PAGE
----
Employees aren’t satisfied or motivated. Managers hate the work and the communication. And HR knows it doesn’t solve the problems it should.
So why do we do it?
This is a question we’ve been asking ourselves at Commvault, not because we know we want to change it but because we see the imperfections in the model. We’ve been challenging ourselves to think bigger and out of the box to determine if there is a better way. We’ve debated, we’ve researched, and we’ve proposed innovative ideas to push our thinking.
The answer still eludes us as of this writing, but there are some tidbits and findings worth sharing.
Let’s begin with the end in mind
Ultimately, salary management programs should be focused on optimizing the following, given resources and constraints.
Of course there are effects between these variables – satisfaction has been shown to drive likelihood to stay, and larger increases tend to be both more satisfying and more motivating. Ultimately budget limits might inhibit the ability to meet these goals, and the desire for pay equity might require sub-optimizing satisfaction/retention/motivation for some. But as we look to build something better, this should be our goal.
A recent study shed some interesting light on whether the typical annual salary review is able to accomplish these goals and how we might explore solutions. A paper published in Human Resource Management in early 2016 focused on the “smallest meaningful pay increase (SMPI) – more on that shortly. As part of the research in this paper, the authors publish a survey employee participants in two different annual pay review processes. In both surveys, only 15% of employees were motivated to work harder based on the salary change, and the one study noting satisfaction showed that two-thirds of employees described being “crushed, disappointed, or indiffererent” toward their increase (the other third were “pleased” and no one was “ecstatic” – even the three people getting a >21% raise).
While these are only two surveys, I believe the results are indicative of what we’d see in most organizations. Expectations are often just met (if at all) and rarely exceeded.
The same research paper found that it takes about a 5% raise to get people over the hump from indifferent to pleased and to get someone to work a little harder. That’s a sobering finding when most annual salary budgets hover at 3%.
So what can we do? Focus on fairness.
Payscale recently published and analysis stemming from its salary survey, and noted the impact of pay process sentiment on overall satisfaction and intent to stay. They noted that process fairness is 5x more important than pay vs market in driving satisfaction, and nearly 2x as important than pay vs market in driving intent to stay.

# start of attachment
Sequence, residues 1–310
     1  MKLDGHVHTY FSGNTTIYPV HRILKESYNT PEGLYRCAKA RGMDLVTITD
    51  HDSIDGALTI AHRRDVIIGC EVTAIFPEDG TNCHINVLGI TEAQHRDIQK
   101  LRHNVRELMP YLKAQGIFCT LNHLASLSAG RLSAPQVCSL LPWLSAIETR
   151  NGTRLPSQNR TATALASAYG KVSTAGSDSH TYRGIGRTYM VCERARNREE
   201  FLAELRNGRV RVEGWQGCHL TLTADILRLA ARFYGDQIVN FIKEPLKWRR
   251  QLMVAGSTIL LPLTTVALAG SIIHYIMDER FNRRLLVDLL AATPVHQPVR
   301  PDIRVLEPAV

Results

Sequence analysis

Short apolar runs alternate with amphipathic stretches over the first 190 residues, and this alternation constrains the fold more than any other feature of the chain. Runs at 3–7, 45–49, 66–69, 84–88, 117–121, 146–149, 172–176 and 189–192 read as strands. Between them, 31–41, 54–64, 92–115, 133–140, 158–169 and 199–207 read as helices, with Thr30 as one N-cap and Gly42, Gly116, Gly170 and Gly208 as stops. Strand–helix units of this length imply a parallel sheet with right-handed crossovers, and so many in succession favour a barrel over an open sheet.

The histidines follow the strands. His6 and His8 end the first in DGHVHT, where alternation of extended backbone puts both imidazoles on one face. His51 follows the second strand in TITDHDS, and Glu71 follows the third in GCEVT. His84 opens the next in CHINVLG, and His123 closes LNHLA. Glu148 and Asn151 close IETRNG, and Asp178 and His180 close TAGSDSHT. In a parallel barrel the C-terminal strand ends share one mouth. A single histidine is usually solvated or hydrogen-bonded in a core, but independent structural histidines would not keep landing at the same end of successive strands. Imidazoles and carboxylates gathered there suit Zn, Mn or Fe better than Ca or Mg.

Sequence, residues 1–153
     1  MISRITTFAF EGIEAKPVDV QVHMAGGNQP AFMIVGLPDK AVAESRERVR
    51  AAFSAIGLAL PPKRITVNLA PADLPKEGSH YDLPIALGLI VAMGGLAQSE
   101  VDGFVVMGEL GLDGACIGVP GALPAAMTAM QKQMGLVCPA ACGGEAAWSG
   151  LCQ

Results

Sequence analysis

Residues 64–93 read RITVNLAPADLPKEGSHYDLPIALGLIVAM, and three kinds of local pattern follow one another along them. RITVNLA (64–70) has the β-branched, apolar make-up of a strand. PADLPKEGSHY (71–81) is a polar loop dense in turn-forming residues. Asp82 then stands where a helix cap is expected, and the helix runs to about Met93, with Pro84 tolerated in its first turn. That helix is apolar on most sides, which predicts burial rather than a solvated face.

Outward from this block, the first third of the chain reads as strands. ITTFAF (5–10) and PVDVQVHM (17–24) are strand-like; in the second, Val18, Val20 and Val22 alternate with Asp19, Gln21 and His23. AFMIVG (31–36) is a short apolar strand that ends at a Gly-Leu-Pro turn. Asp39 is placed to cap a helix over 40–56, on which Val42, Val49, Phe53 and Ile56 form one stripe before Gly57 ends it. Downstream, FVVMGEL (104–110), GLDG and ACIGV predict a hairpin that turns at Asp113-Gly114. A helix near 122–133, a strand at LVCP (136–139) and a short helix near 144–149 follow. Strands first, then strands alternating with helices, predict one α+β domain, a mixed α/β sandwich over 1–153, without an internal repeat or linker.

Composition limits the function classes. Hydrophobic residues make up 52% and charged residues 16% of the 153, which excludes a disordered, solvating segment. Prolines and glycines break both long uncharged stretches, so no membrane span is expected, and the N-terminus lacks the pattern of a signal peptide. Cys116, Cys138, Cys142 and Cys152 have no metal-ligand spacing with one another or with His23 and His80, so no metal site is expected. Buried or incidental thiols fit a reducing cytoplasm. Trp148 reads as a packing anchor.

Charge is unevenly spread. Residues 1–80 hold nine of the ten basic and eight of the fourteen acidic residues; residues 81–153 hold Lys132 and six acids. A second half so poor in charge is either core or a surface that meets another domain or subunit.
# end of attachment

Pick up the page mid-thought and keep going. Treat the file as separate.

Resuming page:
The recent WorldatWork Journal (2017 Q3) included an article about pay-for-performance systems, and it noted fairness (or justice, in their words) comes in four forms:
- Distributive – is the outcome fair?
- Procedural – are the rules and process transparent, unbiased, consistent, and accurate?
- Interpersonal – do the bosses treat me well?
- Informational – did the boss share information me with fairly?
Of these four forms of fairness, Payscale and the authors would argue that procedural fairness matters the most in terms of satisfaction and motivation. When people feel like they understand the process and believe in its consistency, they are more satisfied with the outcome and this will have lasting effects on job performance.
Do we need an annual focal pay review to drive procedural fairness?
Among the most consistent feedback I’ve heard since my last post (about changing the compensation function) is that the need for managing pay equity requires us to continue with some traditional practices, like annual pay review processes and traditional benchmarking. I’m not sure I buy that. A common focal review doesn’t ensure any more transparency or fairness – and in fact the volume of the process might inhibit a manager and HR’s ability to follow a consistent process for each employee.
The space is ripe for innovation – when so many stakeholders are dissatisfied, it’s clear that some change is needed.